If you like to hunt and fish, depending on what license you buy, you might have to pay more…
This is the Environment Report. I’m Rebecca Williams.
Governor Rick Snyder wants to make some big changes to the hunting, fishing and trapping license system in Michigan.
He talked about these changes when he unveiled his proposed 2014 budget. Right now, there are 227 different license categories. Those would shrink to just 31.
Ed Golder is a spokesman for the Michigan Department of Natural Resources. He says some licenses will cost more, but others will cost less. It’s expected that these changes will bring in $18 million more in revenue for the DNR in 2015.
“Conservation in Michigan is funded almost entirely by hunters and anglers. So that revenue is very important and we haven’t seen any kind of general revenue increase in hunting and fishing licenses since 1997.”
Golder says for the past decade, the DNR also has been getting less money from the state’s general fund and the agency has had to make big staff cuts.
Just 7 percent of the DNR’s proposed operating budget for 2014 comes from the state’s general fund. The DNR also gets federal matching money. But a large part of the DNR’s budget – about 20 to 25 percent – comes from hunting, trapping and fishing license fees.
Erin McDonough is the executive director of the Michigan United Conservation Clubs and she joins me now. What do you think of the changes the Governor wants to make to the license system?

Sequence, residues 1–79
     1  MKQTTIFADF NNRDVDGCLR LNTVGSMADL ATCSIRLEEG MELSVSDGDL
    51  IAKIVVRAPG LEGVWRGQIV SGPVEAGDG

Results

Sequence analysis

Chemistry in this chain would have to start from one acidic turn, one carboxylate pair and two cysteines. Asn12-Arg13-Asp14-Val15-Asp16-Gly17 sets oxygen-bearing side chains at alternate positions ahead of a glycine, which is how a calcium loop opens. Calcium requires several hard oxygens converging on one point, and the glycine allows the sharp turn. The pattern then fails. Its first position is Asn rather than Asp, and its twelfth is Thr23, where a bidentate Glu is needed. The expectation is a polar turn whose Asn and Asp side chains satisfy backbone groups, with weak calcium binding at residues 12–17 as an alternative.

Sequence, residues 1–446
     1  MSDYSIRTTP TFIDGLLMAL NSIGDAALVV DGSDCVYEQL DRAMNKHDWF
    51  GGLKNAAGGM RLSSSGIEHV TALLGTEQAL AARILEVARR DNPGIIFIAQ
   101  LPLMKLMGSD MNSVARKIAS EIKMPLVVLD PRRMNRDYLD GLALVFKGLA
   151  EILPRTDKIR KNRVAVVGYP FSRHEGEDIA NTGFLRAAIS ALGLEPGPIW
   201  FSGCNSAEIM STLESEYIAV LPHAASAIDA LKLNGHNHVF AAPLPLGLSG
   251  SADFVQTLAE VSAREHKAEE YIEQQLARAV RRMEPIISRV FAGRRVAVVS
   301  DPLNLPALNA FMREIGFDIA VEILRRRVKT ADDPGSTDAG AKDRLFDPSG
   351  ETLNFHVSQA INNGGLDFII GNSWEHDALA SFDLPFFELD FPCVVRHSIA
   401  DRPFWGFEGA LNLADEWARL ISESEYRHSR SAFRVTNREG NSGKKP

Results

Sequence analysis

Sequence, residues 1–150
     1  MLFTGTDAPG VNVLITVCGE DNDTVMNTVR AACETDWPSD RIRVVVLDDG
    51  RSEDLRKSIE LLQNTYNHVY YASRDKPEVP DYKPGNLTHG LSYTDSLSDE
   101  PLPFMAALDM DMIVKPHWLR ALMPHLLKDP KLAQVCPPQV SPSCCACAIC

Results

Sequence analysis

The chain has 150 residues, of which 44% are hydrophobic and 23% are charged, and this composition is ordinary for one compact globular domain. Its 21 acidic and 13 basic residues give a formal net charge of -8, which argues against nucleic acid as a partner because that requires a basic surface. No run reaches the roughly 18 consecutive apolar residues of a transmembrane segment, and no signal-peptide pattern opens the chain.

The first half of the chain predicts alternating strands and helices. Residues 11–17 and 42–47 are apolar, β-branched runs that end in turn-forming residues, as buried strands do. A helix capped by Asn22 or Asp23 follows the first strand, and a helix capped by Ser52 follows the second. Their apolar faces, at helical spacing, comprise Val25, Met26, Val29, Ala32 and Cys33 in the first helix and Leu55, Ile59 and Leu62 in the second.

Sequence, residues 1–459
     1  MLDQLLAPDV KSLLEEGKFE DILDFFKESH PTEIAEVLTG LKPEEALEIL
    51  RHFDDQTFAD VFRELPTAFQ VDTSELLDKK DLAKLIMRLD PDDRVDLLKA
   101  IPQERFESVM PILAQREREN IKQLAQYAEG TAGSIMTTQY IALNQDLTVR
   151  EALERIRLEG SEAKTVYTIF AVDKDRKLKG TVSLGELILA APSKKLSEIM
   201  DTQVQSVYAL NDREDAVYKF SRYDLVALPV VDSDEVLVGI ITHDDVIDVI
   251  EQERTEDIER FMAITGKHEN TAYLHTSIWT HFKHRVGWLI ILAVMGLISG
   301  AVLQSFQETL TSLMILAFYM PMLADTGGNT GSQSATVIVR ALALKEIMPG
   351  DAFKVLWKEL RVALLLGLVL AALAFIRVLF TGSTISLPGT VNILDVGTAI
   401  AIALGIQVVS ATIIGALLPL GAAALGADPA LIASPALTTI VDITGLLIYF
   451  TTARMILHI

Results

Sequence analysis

McDonough: “We’re cautiously optimistic about what he’s looking at here. We hear from a lot of our members that simplification of the system is really important, that we have a really complicated license fee structure. Now, our members’ biggest concern is making sure that we understand how the increased dollars are going to go to promote on-the-ground work that supports sportsmen and women.”
RW: Have you gotten any pushback from your members about having to pay more for some licenses?
McDonough: “I mean, I think you can expect some people to not purchase a license because of an increase. I mean, especially because you’re looking at a lot of changes that have hit people in the state of Michigan during this difficult economic time. So, I think you’ll always run that risk.”
RW: So, these changes are supposed to bring in more money. How would you like to see it spent?
McDonough: “Well, we would really like to see a lot of this going to on-the-ground. We want to see habitat work being done both in fisheries and wildlife. You know, making sure that we’re putting the work, the habitat on the ground that’s going to provide healthy fish and game species, expanding hunter access, making sure that our state game areas which are in the southern part of the state are properly managed. Fish hatcheries, those are important; research is important as well.”
RW: The governor also proposed that $3.5 million from the general fund be used to train and support 25 new conservation officers. Why does the DNR need more of those?
McDonough: “So, right now, we do not even have one conservation officer in every county. Now, conservation officers do a lot more than just fish and game enforcement. They do trail enforcement, you know, ORV, snowmobiles, they’re checking in on the parks; they’re making sure that everything is safe for people in the state of Michigan to use. When you don’t have at least one person per county helping to both enforce the laws that are on the books and serve as that conduit for information, it really puts us at a disadvantage. That’s one of the number one comments that I get from people, is that we need improved enforcement. I mean, you can write every restrictive, prescriptive rule in the book, but if you don’t have any enforcement, how are you going to manage?”